A Vampire-Slaying Kit—Complete With 19th-Century Bible and a Small Pistol—Just Sold for $3,100 at an English Auction House
It's possible the buyer himself is a vampire seeking to protect himself. We have no evidence—but it's possible.
Auction houses often sell off strange items. But sometimes, the offerings are downright batty.
This week, an ornate kit for slaying vampires hit the block at an online sale mounted by Hansons Auctioneers in Derbyshire, England.
The Edwardian-era kit comes in a velvet, silk-lined box, with an interior lid adorned by a painting of Christ’s resurrection.
Inside is everything you need to kill a caped creature of the undead: three crucifixes, some rosary beads, a Bible, a small pistol, a pocket knife with a silver blade, tooth-pulling pliers, and—inexplicably—a vile of shark teeth.
“The task of killing a vampire was extremely serious, and historical accounts suggested the need for particular methods and tools,” the auction house’s founder, Charles Hanson, said in a statement.
“Items of religious significance, such as crucifixes and Bibles, were said to repel these monsters, hence their strong presence in the kit we have found.”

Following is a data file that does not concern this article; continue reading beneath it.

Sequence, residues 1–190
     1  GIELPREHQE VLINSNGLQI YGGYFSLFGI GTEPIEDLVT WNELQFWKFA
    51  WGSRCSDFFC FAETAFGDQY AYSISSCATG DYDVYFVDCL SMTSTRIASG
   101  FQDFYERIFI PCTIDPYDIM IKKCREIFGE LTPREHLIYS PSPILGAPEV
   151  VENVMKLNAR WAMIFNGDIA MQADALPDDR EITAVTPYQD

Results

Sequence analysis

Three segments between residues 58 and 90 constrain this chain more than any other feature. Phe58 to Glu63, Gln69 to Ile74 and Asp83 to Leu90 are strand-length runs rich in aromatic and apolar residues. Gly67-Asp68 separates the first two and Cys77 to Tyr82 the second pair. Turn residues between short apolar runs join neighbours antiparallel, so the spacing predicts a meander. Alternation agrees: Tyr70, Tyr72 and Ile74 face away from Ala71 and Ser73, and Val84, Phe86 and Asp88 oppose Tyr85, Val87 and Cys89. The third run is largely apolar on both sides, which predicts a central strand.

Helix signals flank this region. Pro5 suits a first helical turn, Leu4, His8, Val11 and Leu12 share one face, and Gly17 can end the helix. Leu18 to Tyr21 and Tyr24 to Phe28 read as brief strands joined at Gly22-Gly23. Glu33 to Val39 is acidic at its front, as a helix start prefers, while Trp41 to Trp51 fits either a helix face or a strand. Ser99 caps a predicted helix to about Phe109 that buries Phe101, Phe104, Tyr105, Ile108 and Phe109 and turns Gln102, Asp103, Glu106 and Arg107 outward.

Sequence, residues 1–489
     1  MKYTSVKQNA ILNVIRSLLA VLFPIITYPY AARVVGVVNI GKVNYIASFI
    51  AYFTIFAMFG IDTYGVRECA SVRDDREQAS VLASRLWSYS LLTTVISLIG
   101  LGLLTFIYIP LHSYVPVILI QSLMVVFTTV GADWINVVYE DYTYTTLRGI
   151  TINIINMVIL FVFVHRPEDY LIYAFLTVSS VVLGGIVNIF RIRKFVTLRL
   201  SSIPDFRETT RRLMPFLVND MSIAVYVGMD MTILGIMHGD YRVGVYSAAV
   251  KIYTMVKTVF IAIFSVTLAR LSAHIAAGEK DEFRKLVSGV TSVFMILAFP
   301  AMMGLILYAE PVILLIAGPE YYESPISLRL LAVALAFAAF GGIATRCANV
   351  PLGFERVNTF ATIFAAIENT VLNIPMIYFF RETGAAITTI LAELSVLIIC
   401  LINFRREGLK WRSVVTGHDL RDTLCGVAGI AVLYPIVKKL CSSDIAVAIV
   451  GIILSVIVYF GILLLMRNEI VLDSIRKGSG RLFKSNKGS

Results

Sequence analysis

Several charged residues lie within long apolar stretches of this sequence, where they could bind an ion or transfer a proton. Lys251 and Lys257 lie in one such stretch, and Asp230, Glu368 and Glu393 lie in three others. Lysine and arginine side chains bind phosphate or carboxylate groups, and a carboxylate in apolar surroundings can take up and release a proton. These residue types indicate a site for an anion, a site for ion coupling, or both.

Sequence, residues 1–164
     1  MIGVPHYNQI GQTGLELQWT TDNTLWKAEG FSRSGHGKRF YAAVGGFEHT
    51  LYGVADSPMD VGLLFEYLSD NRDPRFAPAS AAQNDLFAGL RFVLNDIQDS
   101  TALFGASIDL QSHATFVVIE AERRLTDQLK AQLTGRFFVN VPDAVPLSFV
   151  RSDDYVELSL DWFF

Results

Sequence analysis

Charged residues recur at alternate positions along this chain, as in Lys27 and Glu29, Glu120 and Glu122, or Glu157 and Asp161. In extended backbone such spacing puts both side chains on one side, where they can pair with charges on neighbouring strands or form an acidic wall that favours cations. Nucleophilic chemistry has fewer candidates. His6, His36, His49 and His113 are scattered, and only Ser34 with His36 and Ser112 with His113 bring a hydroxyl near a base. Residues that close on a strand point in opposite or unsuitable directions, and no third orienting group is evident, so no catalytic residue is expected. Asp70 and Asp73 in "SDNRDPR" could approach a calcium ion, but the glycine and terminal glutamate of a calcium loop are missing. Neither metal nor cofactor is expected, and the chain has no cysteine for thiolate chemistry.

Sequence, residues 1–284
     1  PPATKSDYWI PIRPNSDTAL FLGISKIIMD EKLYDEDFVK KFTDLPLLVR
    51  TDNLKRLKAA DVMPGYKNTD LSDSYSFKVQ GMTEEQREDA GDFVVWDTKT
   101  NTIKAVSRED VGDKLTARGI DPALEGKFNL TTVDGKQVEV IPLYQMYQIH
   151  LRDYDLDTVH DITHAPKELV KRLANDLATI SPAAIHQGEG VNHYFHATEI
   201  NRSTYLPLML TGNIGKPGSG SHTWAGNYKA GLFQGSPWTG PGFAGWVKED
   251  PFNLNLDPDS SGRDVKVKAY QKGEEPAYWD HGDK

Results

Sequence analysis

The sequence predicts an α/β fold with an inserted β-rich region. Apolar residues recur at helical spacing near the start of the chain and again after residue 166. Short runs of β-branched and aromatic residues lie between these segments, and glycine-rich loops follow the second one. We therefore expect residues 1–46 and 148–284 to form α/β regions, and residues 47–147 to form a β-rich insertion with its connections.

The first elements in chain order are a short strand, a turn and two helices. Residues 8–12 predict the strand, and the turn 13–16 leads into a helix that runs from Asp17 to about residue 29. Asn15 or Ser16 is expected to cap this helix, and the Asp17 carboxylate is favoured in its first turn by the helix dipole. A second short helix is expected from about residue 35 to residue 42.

At the completion of the four-day sale, the item hammered down at £2,500 ($3,185), squarely within its pre-sale estimate of £2,000 to £3,000 ($2,500 to $3,800).
The name of the eventual buyer was not disclosed. One theory floated—just now, by this writer—is that he is a vampire himself, an auction-savvy bloodsucker with some extra liquidity seeking to destroy anything that threatens his eternal existence.
The kit, while old, is not believed to be the kind of “authentic” vampire-killing set that would have been available in the 1800s. The auction house dated the box back to around 1780, while the Bible was published in 1842 and the knife hails from the early 20th century.
The kit is a “mixture of five or six different traditions that you never would have seen in a real one—and there were some real ones,” Robert A. Smart, an English professor at Quinnipiac University, told the New York Times.
“Authentic” kits would have included things like herbs, holy water, and silver bullets, he added, and the pocket knife was too small to do the job.
The consigner is an anonymous collector who purchased it at an antique fair, thinking it would make good dinner-party fodder. It’s believed to have been put together in the early 1900s, when vampire lore was brought back into the cultural conversation by Bram Stoker’s novel Dracula, published in 1897.
“Boxes like this have been made privately and commercially ever since,” Hansons auctioneer Rik Alexander said in a statement.
“Though our kit had an early Bible and the box is earlier, it appears to have been assembled around the Edwardian period in England. By this point the Dracula novel was having a big impact.”
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